Martha Graham Dance & The Soraya present the World Premiere of "Immediate Tragedy"
Martha Graham Dance Company
The Soraya Joins Martha Graham Dance Company and Wild Up
for the June 19 World Premiere of a Digital Dance Creation
Inspired by Martha Graham’s lost solo from 1937, this reimagined version will feature 14 dancers and include new music composed by Wild Up’s Christopher Rountree.
The ongoing collaboration by three major arts organizations—Martha Graham Dance Company, the Los Angeles-based Wild Up music collective, and The Soraya—will continue June 19 with the premiere of a digital dance inspired by archival remnants of Martha Graham’s Immediate Tragedy, a solo she created in 1937 in response to the Spanish Civil War. Graham created the solo in collaboration with composer Henry Cowell, but it was never filmed and has been considered lost for decades. Drawing on the common experience of today’s immediate tragedy, the 22 artists creating the project are collaborating from locations across the U.S. and Europe using a variety of technologies to coordinate movement, music, and digital design.
The new digital Immediate Tragedy, commissioned by The Soraya, will premiere online Friday, June 19 at 4pm (PDT)/7pm (EDT) during Fridays at 4 on The Soraya Facebook page, and Saturday, June 20 at 11:30am/2:30pm at the Martha Matinee on the Graham Company’s YouTube Channel.
In its new iteration, Immediate Tragedy will feature 14 dancers and 6 musicians each recorded from the safety of their homes. Martha Graham Dance Company’s Artistic Director Janet Eilber, in consultation with Rountree and The Soraya’s Executive Director, Thor Steingraber, suggested the long-distance creative process inspired by a cache of recently rediscovered materials—over 30 photos, musical notations, letters and reviews all relating to the 1937 solo. Each dancer received four photos from which to develop specific movement phrases. Rountree and the musicians have taken inspiration from shards of Cowell’s music notations found in the Graham archives. All the artists received the background materials and are collectively basing their artistic contributions on Graham’s reflection in a letter to Henry Cowell “… whether the desperation lies in Spain or in a memory in our own hearts it is the same … I had been in a valley of despair, too. I felt in that dance I was dedicating myself anew to space, that in spite of violation I was upright and that I was going to stay upright at all costs …”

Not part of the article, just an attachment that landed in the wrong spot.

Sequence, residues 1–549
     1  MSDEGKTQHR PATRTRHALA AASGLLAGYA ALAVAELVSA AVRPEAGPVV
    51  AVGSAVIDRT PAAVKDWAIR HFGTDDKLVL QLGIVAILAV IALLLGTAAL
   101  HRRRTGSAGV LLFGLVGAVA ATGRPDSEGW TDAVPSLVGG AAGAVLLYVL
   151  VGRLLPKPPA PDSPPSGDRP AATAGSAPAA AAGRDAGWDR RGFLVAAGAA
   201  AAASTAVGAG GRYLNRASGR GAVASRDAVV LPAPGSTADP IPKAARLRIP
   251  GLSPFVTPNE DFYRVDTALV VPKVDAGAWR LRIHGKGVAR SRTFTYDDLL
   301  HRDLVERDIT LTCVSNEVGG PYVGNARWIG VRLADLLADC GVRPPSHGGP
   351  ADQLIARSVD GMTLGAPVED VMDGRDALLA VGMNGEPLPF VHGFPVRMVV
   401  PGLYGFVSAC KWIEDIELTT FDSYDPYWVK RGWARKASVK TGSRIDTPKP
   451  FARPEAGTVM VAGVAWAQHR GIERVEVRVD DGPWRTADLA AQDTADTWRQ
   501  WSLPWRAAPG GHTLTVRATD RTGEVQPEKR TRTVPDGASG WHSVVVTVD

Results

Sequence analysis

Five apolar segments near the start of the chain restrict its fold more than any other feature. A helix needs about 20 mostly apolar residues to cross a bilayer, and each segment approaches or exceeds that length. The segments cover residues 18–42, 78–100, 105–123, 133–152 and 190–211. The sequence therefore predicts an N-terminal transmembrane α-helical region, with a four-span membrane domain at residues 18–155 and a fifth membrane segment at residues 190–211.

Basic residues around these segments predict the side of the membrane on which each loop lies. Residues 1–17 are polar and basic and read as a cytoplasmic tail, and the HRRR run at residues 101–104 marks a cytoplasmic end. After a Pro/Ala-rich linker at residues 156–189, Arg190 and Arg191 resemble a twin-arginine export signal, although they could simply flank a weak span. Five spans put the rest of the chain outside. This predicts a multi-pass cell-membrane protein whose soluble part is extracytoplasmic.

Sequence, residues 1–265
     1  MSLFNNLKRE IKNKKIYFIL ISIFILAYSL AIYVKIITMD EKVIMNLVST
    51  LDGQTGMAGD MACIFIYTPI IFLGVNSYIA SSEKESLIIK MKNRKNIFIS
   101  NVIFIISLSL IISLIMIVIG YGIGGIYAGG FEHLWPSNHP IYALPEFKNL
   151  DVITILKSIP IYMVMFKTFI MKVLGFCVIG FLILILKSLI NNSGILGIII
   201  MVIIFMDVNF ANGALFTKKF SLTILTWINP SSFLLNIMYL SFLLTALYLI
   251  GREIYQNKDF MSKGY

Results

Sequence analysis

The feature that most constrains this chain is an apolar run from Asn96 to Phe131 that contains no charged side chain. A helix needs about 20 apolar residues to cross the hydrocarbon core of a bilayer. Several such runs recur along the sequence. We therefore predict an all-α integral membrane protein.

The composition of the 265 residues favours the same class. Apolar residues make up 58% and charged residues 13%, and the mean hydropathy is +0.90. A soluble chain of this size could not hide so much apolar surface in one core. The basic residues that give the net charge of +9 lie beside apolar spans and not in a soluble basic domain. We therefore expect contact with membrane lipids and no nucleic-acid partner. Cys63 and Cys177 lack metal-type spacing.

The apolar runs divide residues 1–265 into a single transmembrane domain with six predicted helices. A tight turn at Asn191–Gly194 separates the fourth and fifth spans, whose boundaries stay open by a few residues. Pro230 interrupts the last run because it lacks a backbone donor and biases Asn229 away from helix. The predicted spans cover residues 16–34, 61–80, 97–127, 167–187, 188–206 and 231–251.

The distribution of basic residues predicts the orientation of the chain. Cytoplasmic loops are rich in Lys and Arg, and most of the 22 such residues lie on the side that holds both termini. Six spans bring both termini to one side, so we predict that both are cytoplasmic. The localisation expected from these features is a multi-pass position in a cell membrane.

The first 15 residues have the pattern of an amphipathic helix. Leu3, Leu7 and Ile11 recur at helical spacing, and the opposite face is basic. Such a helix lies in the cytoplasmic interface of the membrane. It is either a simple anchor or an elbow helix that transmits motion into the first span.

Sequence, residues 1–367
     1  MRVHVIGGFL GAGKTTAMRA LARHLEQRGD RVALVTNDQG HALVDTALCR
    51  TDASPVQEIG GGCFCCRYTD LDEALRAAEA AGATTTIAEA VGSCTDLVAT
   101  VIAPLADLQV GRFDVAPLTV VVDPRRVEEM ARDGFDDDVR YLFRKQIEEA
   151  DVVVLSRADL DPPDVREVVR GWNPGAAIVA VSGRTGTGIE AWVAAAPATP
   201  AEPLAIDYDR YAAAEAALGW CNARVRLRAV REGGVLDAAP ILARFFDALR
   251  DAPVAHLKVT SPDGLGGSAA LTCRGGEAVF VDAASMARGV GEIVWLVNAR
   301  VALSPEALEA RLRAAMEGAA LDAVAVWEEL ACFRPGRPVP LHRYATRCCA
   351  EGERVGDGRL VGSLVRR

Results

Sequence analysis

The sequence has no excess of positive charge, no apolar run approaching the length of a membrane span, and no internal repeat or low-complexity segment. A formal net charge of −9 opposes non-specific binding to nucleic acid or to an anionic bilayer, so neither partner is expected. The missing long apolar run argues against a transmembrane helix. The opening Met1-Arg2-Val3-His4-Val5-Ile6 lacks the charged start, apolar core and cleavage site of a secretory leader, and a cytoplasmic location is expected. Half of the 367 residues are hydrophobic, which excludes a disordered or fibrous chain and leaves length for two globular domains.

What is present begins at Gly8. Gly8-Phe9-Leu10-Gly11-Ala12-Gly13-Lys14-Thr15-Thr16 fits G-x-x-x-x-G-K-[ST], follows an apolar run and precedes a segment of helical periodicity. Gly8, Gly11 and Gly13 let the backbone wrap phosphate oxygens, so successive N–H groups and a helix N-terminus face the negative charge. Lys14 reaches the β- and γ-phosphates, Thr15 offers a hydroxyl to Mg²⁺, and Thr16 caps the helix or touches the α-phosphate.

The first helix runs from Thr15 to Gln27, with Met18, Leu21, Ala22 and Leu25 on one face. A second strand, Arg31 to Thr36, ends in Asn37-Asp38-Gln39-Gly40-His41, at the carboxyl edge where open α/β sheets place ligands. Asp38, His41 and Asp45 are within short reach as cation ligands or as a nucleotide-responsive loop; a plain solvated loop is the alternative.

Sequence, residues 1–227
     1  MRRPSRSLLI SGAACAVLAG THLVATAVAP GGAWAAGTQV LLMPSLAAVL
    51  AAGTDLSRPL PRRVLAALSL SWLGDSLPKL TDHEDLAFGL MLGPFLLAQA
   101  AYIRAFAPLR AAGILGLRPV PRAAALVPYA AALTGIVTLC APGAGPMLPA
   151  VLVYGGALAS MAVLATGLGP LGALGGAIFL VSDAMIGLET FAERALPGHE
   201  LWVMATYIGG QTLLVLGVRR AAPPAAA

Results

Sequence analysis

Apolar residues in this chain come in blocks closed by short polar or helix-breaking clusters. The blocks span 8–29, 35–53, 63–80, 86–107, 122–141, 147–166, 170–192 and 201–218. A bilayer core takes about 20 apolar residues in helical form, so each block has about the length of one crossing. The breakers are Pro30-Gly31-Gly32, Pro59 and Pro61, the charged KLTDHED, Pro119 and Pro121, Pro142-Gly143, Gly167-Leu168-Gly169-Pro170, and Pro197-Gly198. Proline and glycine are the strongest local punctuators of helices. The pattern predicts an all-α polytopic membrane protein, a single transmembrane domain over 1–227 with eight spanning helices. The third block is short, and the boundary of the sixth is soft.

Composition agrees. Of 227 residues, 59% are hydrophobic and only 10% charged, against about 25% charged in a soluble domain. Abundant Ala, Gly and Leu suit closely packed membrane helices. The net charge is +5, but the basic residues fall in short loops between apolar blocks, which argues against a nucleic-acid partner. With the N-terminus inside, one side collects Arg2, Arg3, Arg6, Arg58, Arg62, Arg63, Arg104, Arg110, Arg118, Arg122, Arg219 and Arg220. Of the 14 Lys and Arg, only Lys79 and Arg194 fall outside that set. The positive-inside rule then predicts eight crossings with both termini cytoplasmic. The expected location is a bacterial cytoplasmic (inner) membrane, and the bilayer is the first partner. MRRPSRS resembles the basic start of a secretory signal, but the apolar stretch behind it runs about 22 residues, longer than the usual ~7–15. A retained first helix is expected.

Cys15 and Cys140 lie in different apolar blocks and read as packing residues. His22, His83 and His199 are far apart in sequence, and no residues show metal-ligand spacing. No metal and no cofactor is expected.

This new Immediate Tragedy is currently in rehearsal and being created remotely under the dictates of social distancing. The Soraya’s own video editor Ricki Quinn is working with Eilber and Rountree to bring all the elements together for the onscreen theatrical presentation. It will be available for viewing on the Martha Graham YouTube Channel and www.TheSoraya.org. Both companies have been engaging extensively online with their audiences during COVID Sheltering orders. This original digital dance, however, requires an even greater level of innovation since none of the artists will ever be in the same room.